Greenport School District restocking reserve accounts

10/12/2013 12:00 PM |
CYNDI MURRAY PHOTO | Greenport school’s business administrator Diana Duell said the district's reserve balance is rebounding.

CYNDI MURRAY PHOTO | Greenport school’s business administrator Diana Duell said the district’s reserve balance is rebounding.

Greenport School District is on its way toward putting away more funds in its reserves for rainy days, finally getting back to where it was five years ago after some lean years, the district’s business administrator reported on Thursday night.

Diana Duell said at Thursday’s school board meeting that while the district’s reserves were one time considered “grossly underfunded,” at the end of the last school year, it stood at nearly $1.2 million, up from $1.06 million at the end of the 2007-2008 school year.

“We are getting back to a good position,” she said.

At its leanest, the district held under $400,000 in all of its reserve funds, which include reserves for workers’ compensation, unemployment, and retirement. In its retirement reserve alone, the district spent about $225,000 of $300,000 available in the account in 2012-2013, when closer to $600,000 should have been available by state comptroller recommendations.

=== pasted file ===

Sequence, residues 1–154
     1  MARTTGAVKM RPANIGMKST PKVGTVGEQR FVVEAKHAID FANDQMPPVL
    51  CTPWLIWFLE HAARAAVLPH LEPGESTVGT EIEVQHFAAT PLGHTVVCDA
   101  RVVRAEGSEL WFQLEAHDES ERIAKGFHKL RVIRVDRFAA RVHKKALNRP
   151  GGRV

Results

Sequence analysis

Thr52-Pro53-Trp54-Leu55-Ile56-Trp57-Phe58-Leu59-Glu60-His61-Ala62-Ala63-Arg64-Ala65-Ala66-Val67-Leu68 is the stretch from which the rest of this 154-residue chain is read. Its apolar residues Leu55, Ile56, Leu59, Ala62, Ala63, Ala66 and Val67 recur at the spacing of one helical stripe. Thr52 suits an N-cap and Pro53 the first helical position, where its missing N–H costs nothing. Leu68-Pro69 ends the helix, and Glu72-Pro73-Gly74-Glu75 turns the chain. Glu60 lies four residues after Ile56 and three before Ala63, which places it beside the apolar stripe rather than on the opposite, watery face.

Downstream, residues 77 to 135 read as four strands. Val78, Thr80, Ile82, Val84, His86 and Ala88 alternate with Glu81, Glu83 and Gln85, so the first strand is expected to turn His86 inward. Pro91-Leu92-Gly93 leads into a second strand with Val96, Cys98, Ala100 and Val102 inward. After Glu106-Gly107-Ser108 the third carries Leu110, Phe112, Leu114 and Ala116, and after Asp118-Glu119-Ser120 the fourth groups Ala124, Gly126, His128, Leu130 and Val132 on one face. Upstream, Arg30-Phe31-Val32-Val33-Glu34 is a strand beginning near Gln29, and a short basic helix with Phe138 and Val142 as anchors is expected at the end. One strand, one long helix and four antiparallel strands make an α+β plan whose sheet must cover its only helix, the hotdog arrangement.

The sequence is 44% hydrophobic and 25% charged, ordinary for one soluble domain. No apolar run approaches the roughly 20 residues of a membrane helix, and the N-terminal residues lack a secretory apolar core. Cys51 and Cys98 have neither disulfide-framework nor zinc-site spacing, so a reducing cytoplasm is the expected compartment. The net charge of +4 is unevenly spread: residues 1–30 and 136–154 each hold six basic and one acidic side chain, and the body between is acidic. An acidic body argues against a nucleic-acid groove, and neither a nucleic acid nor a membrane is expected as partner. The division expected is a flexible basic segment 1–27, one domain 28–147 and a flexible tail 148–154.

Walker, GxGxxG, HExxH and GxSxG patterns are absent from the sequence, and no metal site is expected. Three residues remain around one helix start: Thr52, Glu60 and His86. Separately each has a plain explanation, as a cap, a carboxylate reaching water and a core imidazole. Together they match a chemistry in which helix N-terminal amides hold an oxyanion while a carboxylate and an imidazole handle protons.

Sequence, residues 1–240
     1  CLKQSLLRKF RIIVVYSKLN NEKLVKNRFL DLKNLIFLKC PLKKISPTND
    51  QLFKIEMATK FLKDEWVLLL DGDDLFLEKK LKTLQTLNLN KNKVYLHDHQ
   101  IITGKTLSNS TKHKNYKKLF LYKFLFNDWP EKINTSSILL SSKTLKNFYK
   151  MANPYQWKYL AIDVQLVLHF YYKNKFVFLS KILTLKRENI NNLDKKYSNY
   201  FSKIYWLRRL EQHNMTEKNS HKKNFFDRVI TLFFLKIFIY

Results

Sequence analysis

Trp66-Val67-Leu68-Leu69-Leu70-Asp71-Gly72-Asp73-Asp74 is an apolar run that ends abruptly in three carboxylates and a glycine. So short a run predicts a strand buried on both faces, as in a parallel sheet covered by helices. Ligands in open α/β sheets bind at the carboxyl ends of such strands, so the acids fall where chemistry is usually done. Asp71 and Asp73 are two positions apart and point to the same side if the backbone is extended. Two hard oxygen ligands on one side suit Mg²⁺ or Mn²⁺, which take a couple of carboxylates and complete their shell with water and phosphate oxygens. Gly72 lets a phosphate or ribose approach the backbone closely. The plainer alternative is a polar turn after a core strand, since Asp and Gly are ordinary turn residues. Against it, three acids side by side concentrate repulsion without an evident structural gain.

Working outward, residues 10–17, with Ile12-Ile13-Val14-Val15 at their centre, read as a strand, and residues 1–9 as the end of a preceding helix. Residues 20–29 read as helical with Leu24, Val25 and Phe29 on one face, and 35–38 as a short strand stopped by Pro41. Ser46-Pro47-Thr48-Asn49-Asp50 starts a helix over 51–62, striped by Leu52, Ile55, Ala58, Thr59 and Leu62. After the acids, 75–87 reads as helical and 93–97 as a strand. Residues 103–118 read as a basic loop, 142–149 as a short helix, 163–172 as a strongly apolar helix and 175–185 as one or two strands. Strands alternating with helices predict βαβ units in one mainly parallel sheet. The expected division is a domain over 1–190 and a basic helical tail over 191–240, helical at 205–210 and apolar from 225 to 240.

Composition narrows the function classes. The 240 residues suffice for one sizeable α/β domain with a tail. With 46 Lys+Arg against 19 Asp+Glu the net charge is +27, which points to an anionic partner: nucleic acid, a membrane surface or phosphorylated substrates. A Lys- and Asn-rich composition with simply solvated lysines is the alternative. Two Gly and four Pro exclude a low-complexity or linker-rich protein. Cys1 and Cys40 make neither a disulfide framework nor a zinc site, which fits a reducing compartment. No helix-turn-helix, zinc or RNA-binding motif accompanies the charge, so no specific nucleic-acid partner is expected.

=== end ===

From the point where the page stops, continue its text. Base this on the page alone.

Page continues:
However, over the past two years alone, more than $800,000 in reserves have been stored away for future use.

Thursday night, the school board approved measures to put $546,000 back into various reserve accounts – including over $300,000 back into retirement reserves – well over the $206,000 that had been used the year before.

This school year, the district was able to stash away some more rainy day funds when it received some unexpected good news from Albany. Gov. Andrew Cuomo’s proposed budget had earmarked $1.12 million in state aid for the Greenport district for the 2013-14 school year, which would have been a 0.87 percent decrease over the current school year. But two months later, the state Legislature secured a 15.06 percent boost, totaling $1.3 million, eventually allowing the district to put away more funds.

Residents have previously passed a budget that has pierced the state tax levy cap as well, including a $14.9 million spending plan that carried a 6.86 percent hike to the tax levy in 2011-2012.

The district’s 2013-14 $15.5 budget, which passed this spring, presented a roughly 3.75 percent spending increase from the previous year’s plan.

Despite the progress, Ms. Duell wrote in an email that the district still has plenty of work to do in order to gain a secure financial footing.

“Although we are improving our financial position, the emphasis is we are still underfunded,” she wrote.

A representative from R.S. Abrams, the accounting firm that completed an audit report for the district, will be on hand at the November board meeting. A copy of the audit was not immediately available.